Yes, yes, Detroit: Become Human was great. We loved it here at Twinfinite. We made it our Game of the Month for May, and scored it a 4.5 out of 5. That’s pretty high! That’s like, a 90 on Metacritic or something, from us anyway.
While Kara’s journey with Alice was heartwarming and harrowing, and Markus’ revolution plot is what really drove the story forward, Connor by far had the most engaging gameplay, and the best character development alongside his partner Hank Anderson.
The ol’ good cop, bad cop routine is played out. It’s why we don’t get as many cop dramas in movies anymore, at least it doesn’t feel like it. The golden age that lasted from the 80s to the early 2000s which featured movies Lethal Weapon, Bad Boys, Rush Hour, and Die Hard is long gone sadly. Well, with the exception of Lethal Weapon 5 and Lethal Weapon 6 of course.
The android-cop reluctantly partnered with drunken asshole cop that’s getting too old for this shit, odd-couple dynamic in Detroit: Become Human is the best part of Detroit and it’s not even close.
Hank, even at his warmest and fuzziest, is at best just tolerant of Connor, his new android partner assigned to him by Hank’s superior who has totally had enough of Hank’s late-night bar binges, which is par for the course for all tough, but fair police bosses. Despite rocking what appears to be Tommy Bahama shirts on the regular, which would suggest he’s a pretty chill dude, he’s actually salty just about all of the time. He’s rundown, past his prime, plays by his own rules, and just wants to do the bare minimum despite having a decorated past. He’s gone through some tragedy in his life, which explains at least some of his behavior, but he’s also just kind of a dick. Yet, when push comes to shove, especially when motivated by Connor, his cop instincts kick in when it matters most.
Connor, is the “young” super-cop who is literally built to be by-the-book, and has talents that even the best detective can only dream of. He can scan a room, find clues, run tests on any recovered samples, reconstruct crimes, and analyze faces and criminal records in an instant. Despite being incredibly helpful, this of course irritates Hank who wants nothing to do with androids, especially one that is going to stay up his butt all day long and force him to actually do work instead of drink and watch basketball.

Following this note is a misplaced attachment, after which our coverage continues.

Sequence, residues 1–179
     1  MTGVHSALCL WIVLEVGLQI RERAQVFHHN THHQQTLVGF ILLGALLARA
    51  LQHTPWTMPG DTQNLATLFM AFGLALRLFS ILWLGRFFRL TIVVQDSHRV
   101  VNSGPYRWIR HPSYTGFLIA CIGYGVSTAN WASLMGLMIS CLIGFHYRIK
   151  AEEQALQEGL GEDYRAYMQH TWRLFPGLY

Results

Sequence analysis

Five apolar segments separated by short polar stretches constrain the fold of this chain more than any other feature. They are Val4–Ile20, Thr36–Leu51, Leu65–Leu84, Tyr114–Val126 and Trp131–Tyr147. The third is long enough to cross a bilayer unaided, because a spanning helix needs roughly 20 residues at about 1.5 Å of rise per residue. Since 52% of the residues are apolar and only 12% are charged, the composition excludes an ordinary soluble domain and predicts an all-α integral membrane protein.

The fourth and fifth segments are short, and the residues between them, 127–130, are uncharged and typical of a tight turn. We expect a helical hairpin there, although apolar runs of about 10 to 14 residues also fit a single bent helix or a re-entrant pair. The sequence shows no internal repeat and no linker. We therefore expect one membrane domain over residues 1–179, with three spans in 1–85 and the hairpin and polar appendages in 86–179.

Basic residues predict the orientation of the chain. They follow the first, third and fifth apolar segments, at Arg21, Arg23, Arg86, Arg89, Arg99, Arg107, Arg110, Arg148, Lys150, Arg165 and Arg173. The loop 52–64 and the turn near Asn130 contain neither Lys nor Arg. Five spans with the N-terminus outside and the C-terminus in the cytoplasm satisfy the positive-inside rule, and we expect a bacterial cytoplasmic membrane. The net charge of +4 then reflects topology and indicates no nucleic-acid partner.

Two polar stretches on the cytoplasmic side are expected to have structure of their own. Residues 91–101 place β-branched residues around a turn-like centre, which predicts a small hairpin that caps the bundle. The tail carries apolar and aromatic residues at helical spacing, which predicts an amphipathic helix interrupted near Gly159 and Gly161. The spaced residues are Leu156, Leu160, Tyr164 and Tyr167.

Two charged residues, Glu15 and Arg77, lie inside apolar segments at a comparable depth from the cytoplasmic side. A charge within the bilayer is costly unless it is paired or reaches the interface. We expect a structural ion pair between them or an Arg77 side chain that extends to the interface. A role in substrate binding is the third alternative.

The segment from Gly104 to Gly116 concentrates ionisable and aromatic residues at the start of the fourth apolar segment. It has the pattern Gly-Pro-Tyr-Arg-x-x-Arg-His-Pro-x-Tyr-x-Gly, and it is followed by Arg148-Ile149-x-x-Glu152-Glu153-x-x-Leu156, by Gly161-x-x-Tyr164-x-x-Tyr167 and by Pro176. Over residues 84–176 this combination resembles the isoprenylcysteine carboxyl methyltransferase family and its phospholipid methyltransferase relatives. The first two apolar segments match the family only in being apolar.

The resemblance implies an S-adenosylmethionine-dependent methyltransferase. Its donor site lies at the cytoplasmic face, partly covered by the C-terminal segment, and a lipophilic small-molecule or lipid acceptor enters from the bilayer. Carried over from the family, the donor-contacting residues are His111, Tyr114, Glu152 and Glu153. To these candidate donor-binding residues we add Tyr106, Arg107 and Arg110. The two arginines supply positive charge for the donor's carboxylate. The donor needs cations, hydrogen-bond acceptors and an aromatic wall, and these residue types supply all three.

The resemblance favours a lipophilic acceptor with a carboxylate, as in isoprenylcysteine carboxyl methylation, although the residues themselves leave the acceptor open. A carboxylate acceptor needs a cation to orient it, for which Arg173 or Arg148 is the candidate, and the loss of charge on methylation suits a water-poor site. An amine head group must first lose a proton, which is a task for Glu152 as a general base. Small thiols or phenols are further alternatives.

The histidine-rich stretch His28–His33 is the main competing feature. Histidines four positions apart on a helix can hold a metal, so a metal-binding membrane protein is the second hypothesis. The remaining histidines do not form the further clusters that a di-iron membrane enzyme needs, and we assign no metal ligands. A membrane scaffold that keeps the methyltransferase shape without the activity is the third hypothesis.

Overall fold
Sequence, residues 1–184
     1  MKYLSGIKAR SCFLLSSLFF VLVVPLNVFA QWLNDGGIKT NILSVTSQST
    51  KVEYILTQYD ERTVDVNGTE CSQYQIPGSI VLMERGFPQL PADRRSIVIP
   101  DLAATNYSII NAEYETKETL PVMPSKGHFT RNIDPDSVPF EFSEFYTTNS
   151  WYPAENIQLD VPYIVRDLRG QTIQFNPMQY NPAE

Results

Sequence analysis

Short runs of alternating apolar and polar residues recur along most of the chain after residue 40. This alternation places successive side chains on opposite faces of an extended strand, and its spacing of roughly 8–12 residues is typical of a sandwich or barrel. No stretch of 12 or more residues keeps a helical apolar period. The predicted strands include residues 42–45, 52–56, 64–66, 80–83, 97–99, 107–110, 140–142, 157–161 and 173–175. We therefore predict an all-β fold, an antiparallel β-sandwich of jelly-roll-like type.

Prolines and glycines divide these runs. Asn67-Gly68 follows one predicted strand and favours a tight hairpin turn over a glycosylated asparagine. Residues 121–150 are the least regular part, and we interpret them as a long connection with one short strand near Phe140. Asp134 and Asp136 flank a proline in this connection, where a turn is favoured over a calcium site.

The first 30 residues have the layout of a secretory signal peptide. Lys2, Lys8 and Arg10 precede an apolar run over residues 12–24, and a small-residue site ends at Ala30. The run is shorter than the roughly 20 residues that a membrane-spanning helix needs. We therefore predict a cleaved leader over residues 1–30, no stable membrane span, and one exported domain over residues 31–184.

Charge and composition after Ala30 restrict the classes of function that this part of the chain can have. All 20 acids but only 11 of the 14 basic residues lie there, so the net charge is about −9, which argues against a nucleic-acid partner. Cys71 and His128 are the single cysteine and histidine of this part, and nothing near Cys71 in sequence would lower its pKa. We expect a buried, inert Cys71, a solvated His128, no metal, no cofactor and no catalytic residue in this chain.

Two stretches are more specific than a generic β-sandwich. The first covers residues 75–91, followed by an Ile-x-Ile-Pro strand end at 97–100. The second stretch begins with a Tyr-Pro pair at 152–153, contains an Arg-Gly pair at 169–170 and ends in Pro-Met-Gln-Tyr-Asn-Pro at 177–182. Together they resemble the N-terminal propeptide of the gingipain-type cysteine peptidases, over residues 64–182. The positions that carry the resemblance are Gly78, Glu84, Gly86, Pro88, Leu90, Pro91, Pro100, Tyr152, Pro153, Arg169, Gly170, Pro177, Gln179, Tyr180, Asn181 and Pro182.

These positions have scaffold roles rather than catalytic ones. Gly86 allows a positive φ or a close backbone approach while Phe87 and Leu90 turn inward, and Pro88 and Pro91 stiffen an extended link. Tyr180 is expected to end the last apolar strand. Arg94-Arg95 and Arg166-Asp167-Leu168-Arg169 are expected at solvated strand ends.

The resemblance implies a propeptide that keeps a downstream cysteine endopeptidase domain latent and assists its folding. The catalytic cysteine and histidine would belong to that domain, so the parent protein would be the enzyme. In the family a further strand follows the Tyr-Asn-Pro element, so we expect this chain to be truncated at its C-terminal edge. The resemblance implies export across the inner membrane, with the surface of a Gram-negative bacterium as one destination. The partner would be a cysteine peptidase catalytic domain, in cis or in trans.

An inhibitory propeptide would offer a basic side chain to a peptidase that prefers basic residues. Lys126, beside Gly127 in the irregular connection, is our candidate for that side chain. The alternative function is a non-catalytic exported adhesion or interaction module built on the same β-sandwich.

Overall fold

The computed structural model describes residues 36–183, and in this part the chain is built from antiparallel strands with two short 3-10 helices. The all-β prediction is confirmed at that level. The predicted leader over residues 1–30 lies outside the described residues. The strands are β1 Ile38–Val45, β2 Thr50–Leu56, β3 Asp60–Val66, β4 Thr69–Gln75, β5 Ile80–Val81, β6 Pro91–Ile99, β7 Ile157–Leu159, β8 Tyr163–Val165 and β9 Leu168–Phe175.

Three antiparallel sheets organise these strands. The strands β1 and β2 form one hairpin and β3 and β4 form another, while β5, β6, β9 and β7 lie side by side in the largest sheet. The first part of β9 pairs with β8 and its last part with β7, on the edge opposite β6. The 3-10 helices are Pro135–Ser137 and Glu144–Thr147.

Connor throughout Detroit: Become Human, tries to balance his primary function to solve cases while also trying to be a good partner to Hank. It takes a while for Connor to realize that solving cases isn’t everything and that human detectives are a lot more complicated than he is, despite being the more advanced being.
Now I don’t want to go too far, and dip into heavy Detroit spoilers here, but does this not sound like the plot of every great cop dramedy? The rub here of course, is that this is a video game and it opens the door for way more experiences than watching a movie can. Aside from their interactions with each other being entertaining to watch, Connor’s detective sequences were very fun to play too.
In these gameplay sections, time is of the essence, and Connor needs to quickly search for clues, and piece together what crime occurred before the investigation goes south. There is a point in Detroit: Become Human where Connor and Hank go to an android strip club, to investigate a human that was murdered by a deviant (read: rogue) android. Hank has to purchase a bunch of escort androids in order to give Connor access to their memory banks, to figure out where the deviant went before their memories are automatically wiped. Hank, of course, is complaining the whole time about how it will appear on his bank statement. Classic Hank! It was a thrilling sequence that I wish there were even more of.
What’s especially cool is that the game moves on whether you succeed, or fail in your investigation. The branching paths don’t need to be at the level that we see in Detroit: Become Human, but having a whole game based around dynamic investigation that will evolve based on your actions and your acumen as a detective certainly sounds great to me!
Maybe I’m just fanboying hard about Connor, my love of cheesy cop dramas, or both… But either way Quantic Dream, or someone at Sony, take the wheel and let’s make this happen.